Ester Mägi: Orchestral Music

(10 customer reviews)

Catalogue No: TOCC0054
EAN/UPC: 5060113440549
Release Date: 2007-06-26
Composer: Ester Mägi
Artists: Ada Kuuseoks, Arvo Volmer, Estonian National Symphony Orchestra, Mati Mikalai, Mihkel Kütson, Tarmo Pajusaar

In her native country Ester Mägi (b. 1922) is known as 'the First Lady of Estonian music’. A much-loved figure at home, Mägi is now beginning to enjoy a reputation further afield, where her incorporation of elements of Estonian folk-music into classical forms is being recognised as a fresh and original contribution to European art-music.

Ada Kuuseoks, piano
Mati Mikalai, piano
Tarmo Pajusaar, clarinet
Estonian National Symphony Orchestra, orchestra
Arvo Volmer, conductor
Mihkel Kütson, conductor

10 reviews for Ester Mägi: Orchestral Music

  1. :

    ‘This is fascinating repertoire, beautifully played and recorded, and well worth seeking out.’

    —Nicholas Salwey, International Record Review

  2. :

    ‘The performances – recorded between 1992 and 2002 by Estonian Radio – are excellent, their remastering splendidly executed by Raphaele Mouterde. An absolute gem of a disc, strongly recommended.’

    —Guy Rickards, Gramophone

  3. :

    ‘Mägi’s distinctive brand of folksong-oriented post-Nationalism can be savoured to the full in the three-movement piano concerto, which although composed in 1953 could almost have been comosed 100 years earlier. The Variations (1972) show a significant advance in idion – by then the less acerbic side of Bartók has become part of the stylistic mix. Authoritative performances, glowingly engineered.’

    International Piano

  4. :

    ‘Mägi has no great concern for public acclaim — a fact that allowed her to avoid state commissions under Soviet control and remain an independent voice, but she certainly deserves to be heard now.’

    —Patric Standford, Music & Vision

  5. :

  6. :

    Today I bought this album (mp3) from ClassicsOnline and have listened some. Very attractive and easy. As Ester Mägi is our contemporary, but I dare to say it’s not significant whether her music is old or new. Fine music is always fine. Especially her Piano Concerto is great (performance also). I know the conductor Arvo Volmer is one of the specialists of Sibelius Symphonies, but I think his talent is more active for conducting his native Estonian music.I hope another music by Baltic female composer, like Lūcija Garūta (Latvian) would be recorded for worldwide – Garūta also composed her beautiful romantic Piano Concerto in 1951 and I love the work very much…To go back to the subject, Mägi’s Symphony is energetic, rhythmical, and colourful. Should we call her as Estonian Khachaturian? Anyway thank you very much for finest music!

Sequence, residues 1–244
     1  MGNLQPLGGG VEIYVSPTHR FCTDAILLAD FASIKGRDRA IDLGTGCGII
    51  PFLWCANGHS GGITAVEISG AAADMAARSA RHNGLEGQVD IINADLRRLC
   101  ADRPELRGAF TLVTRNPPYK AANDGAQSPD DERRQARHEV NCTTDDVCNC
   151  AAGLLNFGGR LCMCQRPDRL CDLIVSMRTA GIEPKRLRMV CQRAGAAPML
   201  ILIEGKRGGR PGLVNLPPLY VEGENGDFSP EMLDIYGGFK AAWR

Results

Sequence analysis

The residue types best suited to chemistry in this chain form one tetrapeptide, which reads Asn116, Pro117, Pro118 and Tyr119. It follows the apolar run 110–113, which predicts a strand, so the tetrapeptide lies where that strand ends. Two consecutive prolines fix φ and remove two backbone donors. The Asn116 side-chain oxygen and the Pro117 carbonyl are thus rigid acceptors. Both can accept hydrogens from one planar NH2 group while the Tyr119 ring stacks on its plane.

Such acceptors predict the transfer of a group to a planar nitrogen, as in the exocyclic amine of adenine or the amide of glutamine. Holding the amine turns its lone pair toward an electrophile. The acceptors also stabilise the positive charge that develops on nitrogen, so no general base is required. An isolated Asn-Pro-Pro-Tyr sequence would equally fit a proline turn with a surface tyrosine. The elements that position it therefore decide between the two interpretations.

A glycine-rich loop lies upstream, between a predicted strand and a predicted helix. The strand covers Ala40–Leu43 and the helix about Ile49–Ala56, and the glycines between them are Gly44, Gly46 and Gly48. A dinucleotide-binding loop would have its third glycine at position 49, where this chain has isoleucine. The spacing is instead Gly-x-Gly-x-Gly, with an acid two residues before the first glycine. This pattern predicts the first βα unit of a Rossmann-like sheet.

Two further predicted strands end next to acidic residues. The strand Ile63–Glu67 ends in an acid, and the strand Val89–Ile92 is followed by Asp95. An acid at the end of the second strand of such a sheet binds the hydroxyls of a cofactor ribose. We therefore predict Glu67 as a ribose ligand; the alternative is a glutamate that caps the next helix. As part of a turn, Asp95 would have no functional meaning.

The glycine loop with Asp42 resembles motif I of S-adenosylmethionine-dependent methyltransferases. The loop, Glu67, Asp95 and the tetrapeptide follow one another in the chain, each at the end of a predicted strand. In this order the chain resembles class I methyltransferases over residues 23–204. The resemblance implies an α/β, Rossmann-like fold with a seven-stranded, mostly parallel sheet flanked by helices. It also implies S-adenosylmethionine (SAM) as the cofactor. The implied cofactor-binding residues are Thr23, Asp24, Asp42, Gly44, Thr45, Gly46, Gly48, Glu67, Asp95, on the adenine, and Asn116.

7. :

    ‘Have your horizons broadened and be happy about it. Toccata and Martin Anderson score another palpable hit. Mägi’s name will from now on be on your ‘to collect’ list. The conspiratorial sliding march of the final pages of the Symphony and its underpinning ostinato belled discreetly by the trombones will stay with you as will the long held notes of the final pages. This is marmoreal valedictory and epilogic writing as memorable as that of Bax or Petttersson or Shostakovich but more concise than any of them.’

    —Rob Barnett, MusicWeb International

  8. :

    ‘Ester Mägi’s name was new to me but it has certainly sparked renewed interest in music from Estonia. Everything I have heard from that country so far has been extraordinarily powerful and exciting and well worth getting to know; Ester Mägi’s music is no exception. This is a valuable disc and a worthy introduction to a composer who deserves greater recognition outside her country, where she is rightly highly valued.’

    —Steve Arloff, MusicWeb International

  9. :

    ‘The openin track by the octogenarian Estonian composer Ester Mägi is a serenely contemplative piece for strings called “Vespers”, inspired by a visit to St John’s Church in central Tallinn. It is profound and personal, a rich exploration advance harmonies and, at an ideal broadcast length of seven and a half minutes, something of a hit on Baltic radio stations. […]

    We were struck by the depth of passionate feeling running though both the music and the performances…’

    Arts & Culture 9 July 2007

  10. :

    ‘I enjoyed the music sufficiently to want to hear it again.’

    —Brian Wilson, MusicWeb International

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